Prison authorities in two states and the Northern Territory lost track of criminals when recent Telstra outages caused their electronic monitoring devices to fail, the ABC has learned.
The mobile blackouts of May 4 and May 21 resulted in the electronic ankle bracelets tracking criminals’ movements to fail in South Australia, Queensland and the NT.
South Australia Correctional Services yesterday lost connectivity with the devices worn by 750 individuals for nearly two hours.
But it was the Telstra outage on May 4 which created a more prolonged predicament for authorities in the Northern Territory, where it took up to four days to fix the problem.
The electronic monitoring system is supposed to provide 24/7 monitoring to ensure criminals are obeying curfew orders and not entering exclusion zones.
The NT Correctional Service’s Department has confirmed that the outage affected devices used to monitor 85 individuals, including prisoners serving sentences at work camps, and people on community correction orders.
“A significant number of NT Correctional Services electronic monitoring devices were affected by an intermittent outage issue in the Telstra Mobile G4S network communications service that began at 1.10am on Friday 4 May 2018,” a spokeswoman from the NT Correctional Services said.
“At 8.10 am Friday, 4 May 2018, there were approximately 85 electronic monitoring devices identified as having unresolved communication issues and by 11.30am, 23 had been resolved. By Saturday 5 May, only 7 remained unresolved,” the spokeswoman said.
“The safety of the public is always a priority and electronic monitoring bracelets are only one of a number of ways people on parole or community corrections are monitored.
“The issue of preventing or fixing Australia-wide G4S outages is the responsibility of Telstra.”
A Telstra spokesperson said tracking devices “should automatically reconnect when the network is restored”.
“In the case of all outages Telstra works to restore services as quickly as possible,” the spokesperson added.
Unlike the Northern Territory, South Australia does not use the devices to geolocate prisoners, only individuals on parole, on bail or completing their sentences in the community.
Security contractor G4S, that leases the systems to government agencies, declined a request for comment.
Queensland monitoring devices affected
Electronic monitoring devices in Queensland were also hit by a less severe outage on May 4, Queensland Corrective Services (QCS) has confirmed.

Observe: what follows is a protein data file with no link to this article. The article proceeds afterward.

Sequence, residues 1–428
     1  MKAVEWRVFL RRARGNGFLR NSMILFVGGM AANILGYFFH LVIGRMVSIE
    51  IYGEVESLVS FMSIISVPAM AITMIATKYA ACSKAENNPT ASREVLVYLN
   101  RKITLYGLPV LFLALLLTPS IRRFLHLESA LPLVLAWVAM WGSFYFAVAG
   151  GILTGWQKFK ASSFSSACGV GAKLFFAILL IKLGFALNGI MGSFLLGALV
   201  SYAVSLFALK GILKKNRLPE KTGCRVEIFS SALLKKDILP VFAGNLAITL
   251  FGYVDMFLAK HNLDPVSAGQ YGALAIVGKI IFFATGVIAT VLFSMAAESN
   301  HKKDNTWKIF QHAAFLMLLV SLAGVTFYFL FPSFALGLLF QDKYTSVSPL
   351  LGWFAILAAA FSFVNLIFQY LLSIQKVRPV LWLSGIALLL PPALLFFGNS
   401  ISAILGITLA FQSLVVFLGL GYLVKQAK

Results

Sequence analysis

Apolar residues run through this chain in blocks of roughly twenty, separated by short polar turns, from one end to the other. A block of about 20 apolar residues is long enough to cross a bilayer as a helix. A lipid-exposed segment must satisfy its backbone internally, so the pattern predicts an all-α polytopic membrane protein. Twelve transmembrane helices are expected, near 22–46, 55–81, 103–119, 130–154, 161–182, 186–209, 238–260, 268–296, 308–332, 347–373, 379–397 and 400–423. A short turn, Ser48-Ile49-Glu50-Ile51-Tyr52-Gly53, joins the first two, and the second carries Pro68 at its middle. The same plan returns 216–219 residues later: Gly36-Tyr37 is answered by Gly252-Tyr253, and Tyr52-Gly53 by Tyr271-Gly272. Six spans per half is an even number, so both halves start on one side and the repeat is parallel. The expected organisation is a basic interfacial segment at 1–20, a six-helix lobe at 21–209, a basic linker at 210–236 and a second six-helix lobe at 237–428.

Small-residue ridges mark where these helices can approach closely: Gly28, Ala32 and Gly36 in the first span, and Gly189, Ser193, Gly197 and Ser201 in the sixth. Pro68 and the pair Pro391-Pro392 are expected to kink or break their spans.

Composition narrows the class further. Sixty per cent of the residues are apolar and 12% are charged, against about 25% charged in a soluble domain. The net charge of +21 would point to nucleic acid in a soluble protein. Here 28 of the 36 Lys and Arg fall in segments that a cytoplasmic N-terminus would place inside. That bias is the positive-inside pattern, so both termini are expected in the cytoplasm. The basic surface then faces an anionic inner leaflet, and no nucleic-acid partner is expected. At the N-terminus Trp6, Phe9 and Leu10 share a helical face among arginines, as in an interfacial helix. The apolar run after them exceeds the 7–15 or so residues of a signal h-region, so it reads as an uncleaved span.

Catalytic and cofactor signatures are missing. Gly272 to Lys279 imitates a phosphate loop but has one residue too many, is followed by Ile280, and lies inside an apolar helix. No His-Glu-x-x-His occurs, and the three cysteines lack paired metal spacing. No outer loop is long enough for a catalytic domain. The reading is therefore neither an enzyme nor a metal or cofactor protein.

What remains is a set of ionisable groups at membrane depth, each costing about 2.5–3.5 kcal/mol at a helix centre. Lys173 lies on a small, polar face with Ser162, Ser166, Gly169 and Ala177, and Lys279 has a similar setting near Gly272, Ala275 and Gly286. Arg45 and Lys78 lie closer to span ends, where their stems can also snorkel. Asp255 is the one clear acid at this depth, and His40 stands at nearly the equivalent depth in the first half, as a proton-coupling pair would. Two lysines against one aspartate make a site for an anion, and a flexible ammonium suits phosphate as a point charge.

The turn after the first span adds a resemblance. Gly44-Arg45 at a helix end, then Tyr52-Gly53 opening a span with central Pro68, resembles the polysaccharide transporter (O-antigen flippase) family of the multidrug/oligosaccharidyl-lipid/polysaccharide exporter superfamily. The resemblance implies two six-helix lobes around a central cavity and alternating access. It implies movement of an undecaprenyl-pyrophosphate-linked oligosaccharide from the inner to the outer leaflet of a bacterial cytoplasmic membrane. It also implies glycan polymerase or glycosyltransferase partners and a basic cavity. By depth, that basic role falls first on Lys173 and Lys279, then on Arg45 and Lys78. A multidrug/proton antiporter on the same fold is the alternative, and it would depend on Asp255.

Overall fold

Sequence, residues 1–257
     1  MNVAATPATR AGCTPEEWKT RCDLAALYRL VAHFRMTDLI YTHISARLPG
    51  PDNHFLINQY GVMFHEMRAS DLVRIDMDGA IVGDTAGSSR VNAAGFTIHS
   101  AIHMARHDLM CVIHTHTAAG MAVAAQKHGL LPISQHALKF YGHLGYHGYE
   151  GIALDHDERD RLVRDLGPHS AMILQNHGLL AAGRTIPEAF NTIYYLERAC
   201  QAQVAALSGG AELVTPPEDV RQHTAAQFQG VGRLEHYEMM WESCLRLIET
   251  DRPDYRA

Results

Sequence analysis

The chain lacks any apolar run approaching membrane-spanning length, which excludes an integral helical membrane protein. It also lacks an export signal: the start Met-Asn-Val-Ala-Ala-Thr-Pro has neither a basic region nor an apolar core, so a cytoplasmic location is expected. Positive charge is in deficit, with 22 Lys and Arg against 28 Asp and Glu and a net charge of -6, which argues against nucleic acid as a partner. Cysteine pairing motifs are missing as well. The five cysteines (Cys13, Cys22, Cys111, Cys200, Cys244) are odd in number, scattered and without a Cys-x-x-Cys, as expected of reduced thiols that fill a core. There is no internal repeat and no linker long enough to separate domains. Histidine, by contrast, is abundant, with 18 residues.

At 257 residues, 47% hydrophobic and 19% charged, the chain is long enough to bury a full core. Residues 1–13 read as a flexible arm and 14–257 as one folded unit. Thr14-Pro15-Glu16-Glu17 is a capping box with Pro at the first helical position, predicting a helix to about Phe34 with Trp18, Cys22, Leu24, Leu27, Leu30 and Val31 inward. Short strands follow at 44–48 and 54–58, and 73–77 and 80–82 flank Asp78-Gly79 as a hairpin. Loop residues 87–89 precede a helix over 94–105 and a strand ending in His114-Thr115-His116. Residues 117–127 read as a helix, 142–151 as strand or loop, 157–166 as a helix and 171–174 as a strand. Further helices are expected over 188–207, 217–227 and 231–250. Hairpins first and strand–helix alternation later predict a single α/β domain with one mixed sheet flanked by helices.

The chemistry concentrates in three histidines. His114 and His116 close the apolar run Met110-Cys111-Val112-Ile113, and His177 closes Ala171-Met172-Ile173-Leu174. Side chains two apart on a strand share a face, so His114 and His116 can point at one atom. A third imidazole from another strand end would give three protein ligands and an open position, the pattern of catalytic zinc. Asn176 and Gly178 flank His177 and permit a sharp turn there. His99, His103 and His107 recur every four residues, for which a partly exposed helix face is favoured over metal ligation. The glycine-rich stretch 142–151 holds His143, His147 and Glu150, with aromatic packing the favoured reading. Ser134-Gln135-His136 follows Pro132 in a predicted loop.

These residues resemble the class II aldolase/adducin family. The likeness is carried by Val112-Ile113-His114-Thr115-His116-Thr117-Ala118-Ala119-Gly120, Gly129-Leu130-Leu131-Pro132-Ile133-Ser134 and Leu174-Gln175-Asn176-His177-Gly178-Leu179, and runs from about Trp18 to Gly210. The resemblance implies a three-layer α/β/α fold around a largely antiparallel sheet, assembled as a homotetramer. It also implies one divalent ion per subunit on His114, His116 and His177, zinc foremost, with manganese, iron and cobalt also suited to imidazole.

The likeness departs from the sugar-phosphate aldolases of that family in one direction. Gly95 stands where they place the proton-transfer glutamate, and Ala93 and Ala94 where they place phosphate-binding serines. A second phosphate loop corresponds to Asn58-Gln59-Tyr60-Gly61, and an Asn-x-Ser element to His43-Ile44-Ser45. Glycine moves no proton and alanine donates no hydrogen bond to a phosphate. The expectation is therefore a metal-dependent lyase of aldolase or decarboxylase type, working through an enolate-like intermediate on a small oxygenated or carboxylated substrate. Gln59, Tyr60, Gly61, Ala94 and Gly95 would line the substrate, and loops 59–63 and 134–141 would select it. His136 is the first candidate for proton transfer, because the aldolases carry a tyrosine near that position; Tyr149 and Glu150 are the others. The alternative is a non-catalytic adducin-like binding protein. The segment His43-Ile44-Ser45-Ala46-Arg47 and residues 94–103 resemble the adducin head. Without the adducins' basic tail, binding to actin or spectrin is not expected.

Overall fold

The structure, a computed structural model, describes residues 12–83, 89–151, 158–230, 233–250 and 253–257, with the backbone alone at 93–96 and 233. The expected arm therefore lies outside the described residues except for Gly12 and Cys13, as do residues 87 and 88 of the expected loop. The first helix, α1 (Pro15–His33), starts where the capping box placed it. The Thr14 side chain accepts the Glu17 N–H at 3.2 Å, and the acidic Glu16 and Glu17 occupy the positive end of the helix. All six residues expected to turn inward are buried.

“QCS immediately put contingency processes into place to ensure public safety, and escalated the incident to the service provider for priority resolution,” a QCS spokeswoman told the ABC.
“Offenders have no way of knowing when the devices are not operational.
The QCS confirmed that 299 devices worn by offenders including high-risk sex offenders were affected.
The spokeswoman said the organisation used other contingency plans.
“Offenders subject to GPS monitoring may be confined to their residence if there is a sustained loss of data connectivity,” she said.
“The most serious offenders are monitored by staff on the ground at the Wacol and Townsville precincts.
“Checks on other offenders are made by physical and telephone checks in the event of prolonged outages.”
The ABC understands that the May 4 outage affected QCS monitoring devices for 45 minutes and no serious breaches occurred.
The ABC has approached other states’ corrective services agencies to clarify what impact the Telstra outage had on their respective monitoring systems.
Corrective Services NSW said they experienced no issues with their electronic monitoring system as a result of the Telstra outages on May 4 and Monday.
“Our system roams across the three major telecommunications networks so that, in the event one experiences an outage, the system will divert to the next,” a spokeswoman explained.
Software fault caused outage, Telstra says
The impact on prisoner monitoring devices emerged as Telstra started to shed light on what caused Monday’s massive network disruption to its 4G mobile phone services.
“We have identified that the initial cause of the disruption was a software fault which triggered multiple elements across the network to fail,” a Telstra spokesman said.
“The network is designed to switch onto standby hardware, which it did. Following the failover however, a further fault caused an interruption which impacted 4G connections.
“There is redundancy built into these systems but this did not operate as intended.”
The outage resulted in the failure of many National Bank and Commonwealth Bank EFTPOS facilities across the nation, the cancellation of several regional train services, and widespread problems with customers’ mobile phone and data services.
Telstra said it was still investigating the root cause of the software fault.